Pregnancy discrimination over the last decade has reached “shocking” levels, according to a new report.
The latest Women and Equalities Committee report shows the huge levels of discrimination against women in the workplace and now MPs are urging the Government to take action to tackle the issues.
Report calls for more protection for mothers
It is illegal to fire women for child-related reasons however some firms choose to make them redundant to avoid redress from pregnancy and maternity discrimination.
More than 54,000 new and expectant mothers were illegally dismissed from their jobs in 2015 as a result of discrimination by their employers.
11% reported being either dismissed, made compulsorily redundant, where others in their workplace were not, or treated so poorly that they felt they had to leave their job.
The report also urges the government to provide added protections for casual, agency or zero hours workers who are pregnant or have just given birth who are not entitled to statutory maternity leave or pay.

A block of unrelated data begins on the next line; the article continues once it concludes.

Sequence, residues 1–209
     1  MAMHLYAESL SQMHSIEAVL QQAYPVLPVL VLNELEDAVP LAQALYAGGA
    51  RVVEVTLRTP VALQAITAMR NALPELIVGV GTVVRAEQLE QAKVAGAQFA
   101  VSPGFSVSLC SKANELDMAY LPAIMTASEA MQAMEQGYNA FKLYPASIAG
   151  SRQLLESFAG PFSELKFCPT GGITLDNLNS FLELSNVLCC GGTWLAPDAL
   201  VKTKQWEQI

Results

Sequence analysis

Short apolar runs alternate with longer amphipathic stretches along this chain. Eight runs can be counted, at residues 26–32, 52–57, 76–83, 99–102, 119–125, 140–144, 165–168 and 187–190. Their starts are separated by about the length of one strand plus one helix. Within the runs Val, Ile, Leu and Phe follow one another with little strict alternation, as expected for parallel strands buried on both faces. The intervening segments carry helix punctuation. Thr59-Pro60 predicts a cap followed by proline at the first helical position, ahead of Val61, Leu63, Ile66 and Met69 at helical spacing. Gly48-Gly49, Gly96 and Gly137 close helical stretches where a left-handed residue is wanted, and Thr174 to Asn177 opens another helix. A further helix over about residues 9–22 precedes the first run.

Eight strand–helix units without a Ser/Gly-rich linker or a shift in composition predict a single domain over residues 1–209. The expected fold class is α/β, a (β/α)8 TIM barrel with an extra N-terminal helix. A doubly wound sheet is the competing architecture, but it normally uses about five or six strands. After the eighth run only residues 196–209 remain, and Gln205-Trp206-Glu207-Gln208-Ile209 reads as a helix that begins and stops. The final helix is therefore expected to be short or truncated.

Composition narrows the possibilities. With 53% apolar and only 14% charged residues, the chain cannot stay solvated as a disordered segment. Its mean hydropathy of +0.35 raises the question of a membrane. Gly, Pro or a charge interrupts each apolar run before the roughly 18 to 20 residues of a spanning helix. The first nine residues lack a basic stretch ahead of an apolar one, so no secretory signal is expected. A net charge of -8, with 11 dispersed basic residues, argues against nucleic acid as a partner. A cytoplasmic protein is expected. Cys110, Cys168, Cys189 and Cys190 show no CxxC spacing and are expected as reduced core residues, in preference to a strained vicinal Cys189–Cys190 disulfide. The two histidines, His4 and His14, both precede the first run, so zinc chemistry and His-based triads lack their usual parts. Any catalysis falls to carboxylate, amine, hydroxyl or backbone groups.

However, under the Employment Rights Act 1996 some contracted workers and self-employed contractors are afforded added protection.
Additionally, agency workers – those in continuous employment for 12 weeks or more – are entitled to paid time off to attend antenatal appointments.
The shadow minister for women and equalities, Angela Rainer, says thousands of expectant mothers are being “priced out of justice” because of tribunal fees introduced by the Government.
Gillian Guy, chief executive of Citizens Advice, warns that some companies are getting away with treating their employees unfairly.
“At such a crucial time in their lives when these women want to be enjoying time with their new baby, the last thing they need is to be affording a legal battle with their employer; something has to change and I believe this report is one step further in highlighting the abhorrent truth which still occurs in today’s modern society,” she said.
Source: Response Source
Date Published: September 27, 2016
Author: Jonathan Brown